For spiritual seekers throughout the centuries, the portable sanctuary is not just an abstract idea in the Torah but is an actual construction that exists in time and spiritual space. That space is within our own souls. For many kabbalists and Jewish mystics the Torah in describing the tabernacle is really describing inner space, our emotional and intellectual worlds that constitute an inner sanctum. When our inner world is constructed and ordered like our outer world the potential is to feel wholeness to feel Shalom and to maybe feel the dwelling of God within.

So how do we go about this construction project? How can we make our inner world a sanctuary? The Torah instructs that the holy Ark of the Covenant needed to be gold both inside and out and perhaps this is the key. By having our insides reflect what is on the outside and vice versa we become authentic through and through.

A favorite Chasidic rabbi from 18th century East Europe is Rabbi Zusya from Hannipol. Rabbi Zusya is a colorful character.  Despite any suffering he may have experienced throughout his life he always maintained an inner glow from the peace that he felt. He never perceived the trials and tribulations of his life as suffering. On his deathbed, Rabbi Zusya told his students that when he dies and is being judged by the angels that he wouldn’t be asked why he wasn’t more like Abraham or Moses. Rather he would be asked why he wasn’t more like Rabbi Zusya. For Zusya, that authenticity of our being, that sense of Shalom, inner peace is the goal. But how do we do this?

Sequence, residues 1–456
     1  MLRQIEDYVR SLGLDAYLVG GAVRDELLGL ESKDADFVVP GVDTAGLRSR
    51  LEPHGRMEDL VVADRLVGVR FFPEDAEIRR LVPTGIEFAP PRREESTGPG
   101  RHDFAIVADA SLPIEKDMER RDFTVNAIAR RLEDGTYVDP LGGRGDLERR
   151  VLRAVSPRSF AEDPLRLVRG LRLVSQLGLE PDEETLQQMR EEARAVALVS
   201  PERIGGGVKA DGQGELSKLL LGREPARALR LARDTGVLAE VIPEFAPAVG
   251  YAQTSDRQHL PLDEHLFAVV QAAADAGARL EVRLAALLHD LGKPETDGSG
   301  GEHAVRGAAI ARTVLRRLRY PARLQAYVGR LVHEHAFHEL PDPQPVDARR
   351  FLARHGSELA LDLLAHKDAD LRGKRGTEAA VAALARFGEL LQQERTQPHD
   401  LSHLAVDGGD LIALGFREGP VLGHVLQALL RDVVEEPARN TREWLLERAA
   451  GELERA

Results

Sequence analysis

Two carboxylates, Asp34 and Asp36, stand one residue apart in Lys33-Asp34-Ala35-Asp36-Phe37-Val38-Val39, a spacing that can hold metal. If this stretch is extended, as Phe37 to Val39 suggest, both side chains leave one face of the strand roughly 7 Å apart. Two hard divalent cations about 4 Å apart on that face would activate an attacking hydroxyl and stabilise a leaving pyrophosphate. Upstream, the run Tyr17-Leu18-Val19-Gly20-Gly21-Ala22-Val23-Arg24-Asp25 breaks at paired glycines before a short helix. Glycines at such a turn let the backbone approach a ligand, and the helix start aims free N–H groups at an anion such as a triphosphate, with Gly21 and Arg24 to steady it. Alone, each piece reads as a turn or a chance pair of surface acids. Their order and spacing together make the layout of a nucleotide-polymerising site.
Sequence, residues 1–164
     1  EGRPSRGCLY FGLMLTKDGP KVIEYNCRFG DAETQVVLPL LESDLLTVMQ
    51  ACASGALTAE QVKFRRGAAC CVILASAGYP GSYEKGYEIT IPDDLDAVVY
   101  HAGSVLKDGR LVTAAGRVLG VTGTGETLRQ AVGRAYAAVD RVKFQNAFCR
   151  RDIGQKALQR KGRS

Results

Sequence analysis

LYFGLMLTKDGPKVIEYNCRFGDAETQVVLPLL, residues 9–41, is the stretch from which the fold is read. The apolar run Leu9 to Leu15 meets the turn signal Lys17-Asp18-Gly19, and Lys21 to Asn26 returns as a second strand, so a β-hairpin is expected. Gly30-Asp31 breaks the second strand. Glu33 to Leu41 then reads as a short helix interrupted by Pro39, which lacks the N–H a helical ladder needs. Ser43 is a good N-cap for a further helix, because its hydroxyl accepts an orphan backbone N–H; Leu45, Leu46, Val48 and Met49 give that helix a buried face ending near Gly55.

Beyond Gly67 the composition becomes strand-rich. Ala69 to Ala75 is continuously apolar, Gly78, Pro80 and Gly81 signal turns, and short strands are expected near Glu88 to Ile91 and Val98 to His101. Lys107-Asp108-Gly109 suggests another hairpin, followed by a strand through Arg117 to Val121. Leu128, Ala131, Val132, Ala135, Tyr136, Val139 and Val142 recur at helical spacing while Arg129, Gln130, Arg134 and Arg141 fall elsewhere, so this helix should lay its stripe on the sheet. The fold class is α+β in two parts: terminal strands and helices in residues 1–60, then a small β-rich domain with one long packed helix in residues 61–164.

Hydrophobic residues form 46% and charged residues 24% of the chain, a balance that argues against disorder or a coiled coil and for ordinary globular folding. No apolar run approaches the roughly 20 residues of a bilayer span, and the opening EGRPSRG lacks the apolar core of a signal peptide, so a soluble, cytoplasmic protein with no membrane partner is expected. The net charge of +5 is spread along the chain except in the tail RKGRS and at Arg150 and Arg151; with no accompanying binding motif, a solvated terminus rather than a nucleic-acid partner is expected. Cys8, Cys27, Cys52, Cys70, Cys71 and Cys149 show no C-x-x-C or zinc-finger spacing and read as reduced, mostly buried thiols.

There is a rabbinic idea that every Jew should say 100 blessings a day. This was not to be taken figuratively but rather quite literally. One was supposed to pronounce 100 verbal blessings during the course of the day. Now if you happen to be a person who prays the traditional liturgy, three times a day, you get pretty close to one hundred, “Baruch Atah Adonai’s.” Why the number 100? Our Torah portion has the clue. You see the infrastructure of the traveling sanctuary was composed of planks of wood and silver sockets. The Hebrew term for silver sockets is “Adnei Kesef.” In the actual written Torah, because there are no vowels, only the physical letters, the word for sockets, Adnei, looks exactly like the word Adonai. And you can probably guess how many silver sockets or Adnei Kesef there were in the tent….you got it, 100. From this the rabbis, according to one tradition, determined that if one says 100 “Baruch Atah Adonai’s”, 100 blessings, it’s as if one is constructing the inner sanctum.

By taking the time to say a blessing, to focus on our gratitude for the blessings in our lives, we do help to construct and deepen our inner world. This may be what the Torah is teaching us; that in our lives we sometimes serve the physical, the material world; we sometimes chase after golden calves, however they manifest in our lives. But, if we would focus on our inner world, our emotional or intellectual world, or the inner world of our self esteem, to make them just as golden as our outsides than we will know true peace, Shalom. And so the Torah offers this practical advice; by striving to take note of 100 things that we can count as blessings, to express our thanks for the external worlds we live in, we become like the Ark of the Covenant, authentic inside and out. And like Rabbi Zusya, we can always strive to be true to ourselves. May God give us the strength and courage to be who we are destined to be and bless us with wholeness and peace.